Home Opinion Mine Creek Revelations by Louie Graves: Axle Static Strip

Mine Creek Revelations by Louie Graves: Axle Static Strip


HOW DOES NASHVILLE manage to do things like this? I got asked that very question once years ago by an elected official from another county who was attending an event in our city park. I won’t tell you who it was because he said ‘off the record’ that his hometown couldn’t pull off such an event with such aplomb.

I told him it was just the spirit of the volunteers because classy events didn’t just happen.

Two of those events, in fact, didn’t just happen recently. I’m referring to the Nashville Chamber of Commerce Awards Banquet and the Howard Memorial Hospital Foundation Gala.

Both events were very well attended and both of them held up our community and its citizens and institutions for recognition.

A lot of people deserve a lot of praise for making things happen.


IN ALL HONESTY, I cannot tell you how this image got between my ears. For some reason this past weekend I remembered how gasoline tanker trucks used to have a strap of some kind dangling from their rear axle. It bounced along dragging the pavement.

My sense was that the strap was leather, and maybe it was meant to keep the truck from developing static electricity. Don’t know why I thought the strap was leather. I never crawled under a tanker truck to get a close look.

I asked Mike Reese since he used to be behind the counter in an auto parts store. Yes, he remembers the straps. No, he didn’t sell them. Mike said he thinks the straps were homemade, possibly some nylon-type material. He agrees with me that the purpose would have been safe discharge of static electricity, or preventing its buildup.

Jarrod Hendry, out at Hendry Oil Co., sometimes drives those trucks to make fuel deliveries. None of his trucks have that strap around the axle, and they’ve never had a problem with static electricity. When I asked him about this he looked at me like I was a babbling idiot. I could tell he was thinking about calling the cops.

I’m seriously considering that the strap was a home remedy for a problem that didn’t exist. Precaution was good, however.

The straps weren’t only on gasoline tankers, either. They were on all kinds of trucks, including pickups. Mike Reese says that it was only prudent to have a strap on your pickup because just about everyone in Arkansas drives around with a can of gasoline in the back of their truck for their lawnmower or chainsaw or ski-doo or 4-wheeler or for when you are out of gas and far from help. You get the picture.

I made the mistake of asking Jim Carlton at Carlton Tire if he remembered axle straps. He said that there was no collusion between the axle and the roadway. I got laughed out of his waiting room.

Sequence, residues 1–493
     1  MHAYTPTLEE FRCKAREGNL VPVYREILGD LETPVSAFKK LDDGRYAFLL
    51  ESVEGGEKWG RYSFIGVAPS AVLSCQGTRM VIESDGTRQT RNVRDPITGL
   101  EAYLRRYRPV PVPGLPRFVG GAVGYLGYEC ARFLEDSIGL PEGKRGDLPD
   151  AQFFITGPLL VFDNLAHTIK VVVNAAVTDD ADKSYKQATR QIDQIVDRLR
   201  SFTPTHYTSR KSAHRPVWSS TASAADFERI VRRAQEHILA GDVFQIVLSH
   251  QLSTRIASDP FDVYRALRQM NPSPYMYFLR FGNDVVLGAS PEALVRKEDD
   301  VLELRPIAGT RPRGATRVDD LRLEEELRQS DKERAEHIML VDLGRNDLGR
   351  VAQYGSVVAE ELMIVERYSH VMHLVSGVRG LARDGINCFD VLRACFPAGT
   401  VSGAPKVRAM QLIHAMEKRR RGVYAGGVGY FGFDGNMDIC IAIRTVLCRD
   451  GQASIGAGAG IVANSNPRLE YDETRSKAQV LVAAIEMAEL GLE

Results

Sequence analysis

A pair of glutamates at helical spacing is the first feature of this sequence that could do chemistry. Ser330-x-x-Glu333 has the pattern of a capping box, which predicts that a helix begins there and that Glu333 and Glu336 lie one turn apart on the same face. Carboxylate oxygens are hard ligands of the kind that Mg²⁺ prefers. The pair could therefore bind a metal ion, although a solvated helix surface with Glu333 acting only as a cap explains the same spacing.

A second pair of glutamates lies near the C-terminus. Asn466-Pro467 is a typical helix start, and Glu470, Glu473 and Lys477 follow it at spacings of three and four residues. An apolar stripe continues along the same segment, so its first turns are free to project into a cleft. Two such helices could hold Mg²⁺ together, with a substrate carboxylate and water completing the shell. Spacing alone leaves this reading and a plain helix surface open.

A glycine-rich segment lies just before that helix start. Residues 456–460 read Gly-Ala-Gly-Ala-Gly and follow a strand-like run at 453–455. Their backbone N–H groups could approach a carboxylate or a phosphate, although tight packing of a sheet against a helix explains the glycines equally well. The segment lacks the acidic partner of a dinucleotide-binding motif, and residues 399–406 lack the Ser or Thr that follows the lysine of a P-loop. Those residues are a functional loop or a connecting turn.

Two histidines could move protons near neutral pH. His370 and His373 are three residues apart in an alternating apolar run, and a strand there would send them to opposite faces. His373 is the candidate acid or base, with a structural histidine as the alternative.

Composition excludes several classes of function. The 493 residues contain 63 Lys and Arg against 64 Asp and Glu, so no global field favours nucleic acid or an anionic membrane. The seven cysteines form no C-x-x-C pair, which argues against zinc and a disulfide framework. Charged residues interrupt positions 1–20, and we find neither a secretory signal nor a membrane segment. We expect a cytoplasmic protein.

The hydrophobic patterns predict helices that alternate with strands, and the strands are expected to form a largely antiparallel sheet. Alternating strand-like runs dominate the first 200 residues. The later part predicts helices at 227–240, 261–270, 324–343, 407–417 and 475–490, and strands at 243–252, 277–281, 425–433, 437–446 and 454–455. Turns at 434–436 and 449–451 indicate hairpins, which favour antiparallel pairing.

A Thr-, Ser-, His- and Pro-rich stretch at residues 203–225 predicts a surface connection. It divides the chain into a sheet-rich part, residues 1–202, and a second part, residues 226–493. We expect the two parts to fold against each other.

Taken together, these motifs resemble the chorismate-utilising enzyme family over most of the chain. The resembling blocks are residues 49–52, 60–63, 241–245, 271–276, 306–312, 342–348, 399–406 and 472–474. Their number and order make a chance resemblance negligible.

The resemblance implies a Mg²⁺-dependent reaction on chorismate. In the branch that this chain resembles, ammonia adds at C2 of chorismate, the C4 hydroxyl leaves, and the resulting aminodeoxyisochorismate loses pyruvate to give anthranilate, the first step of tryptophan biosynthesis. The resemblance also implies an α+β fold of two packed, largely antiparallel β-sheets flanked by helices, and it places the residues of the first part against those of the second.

Since I unfortunately let this thought creep into my mind, I have been unable to resist looking at truck axles to see if there is a strap. Nary a one in sight for the last four days.

If you know what I’m talking about please email louie@nashvilleleader.com.

So it is entirely possible that I am now a distracted driver. I find myself paying more attention to truck axles and less to proper operation of my cell phone and buggy at the same time.

Do you have any idea how hard it is to drive safely yet follow closely enough to inspect truck axles? Do you know hard it is to signal a right hand turn, text someone and answer a telemarketer all at the same time?


GONE, NEVER FORGOTTEN. Some of  you may remember a really good sportswriter, photographer and newsman, Terry Hawkins, who worked with Jane and me at the ‘Nashville News’ for a year or so back in the late 1980s.

In his time here he came to be a big Scrapper fan, and that stayed with him after he left. When we’d meet at Arkansas Press Association conventions, he would always ask about the Scrappers..

He left Nashville to go back to his true home, Dumas, where he was editor, reporter, and general manager of the  ‘Dumas Clarion’ for many years, winning tons of awards for his outstanding work.

He was fully immersed in the well-being of Dumas and was even named a ‘Ding Dong Daddy’ in that town’s fairly famous festival.

Terry died Sunday, Feb. 24, at age 66. Memorial service Wednesday at the Methodist Church there.


ANIMAL CRACKERS. I really, really hate to tell you this. Sunday afternoon, I noticed a tornado of gnats circling over my patio, just waiting for me to come outside.

And who put the silent g in front of gnats, anyway?

Did I tell you I hate gnats? I greally, greally ghate gnats! Especially the ones that gcircle and gcircle and try to get into my gnose and ears.

I wish a tsunami upon gnats and whoever invented tsilent tletters.

5 6 5 5 6 5

THINGS I LEARNED from opening (and believing) email: “Which letter is silent in the word “scent,” the S or the C?”

See what I mean? The silent letter people cannot be gtrusted.


WORD GAMES. Another set of twins: News and Views. Journalists strive to keep them apart.


HE SAID: “It is horrifying that we have to fight our own government to save the environment.” famed photographer Ansel Adams


SHE SAID: “While you’re going through this process of trying to find the satisfaction in your work, pretend you feel satisfied. Tell yourself you had a good day. Walk through the corridors with a smile rather than a scowl. Your positive energy will radiate. If you act like you’re having fun, you’ll find you are having fun.” Jean Chatzky, financial editor



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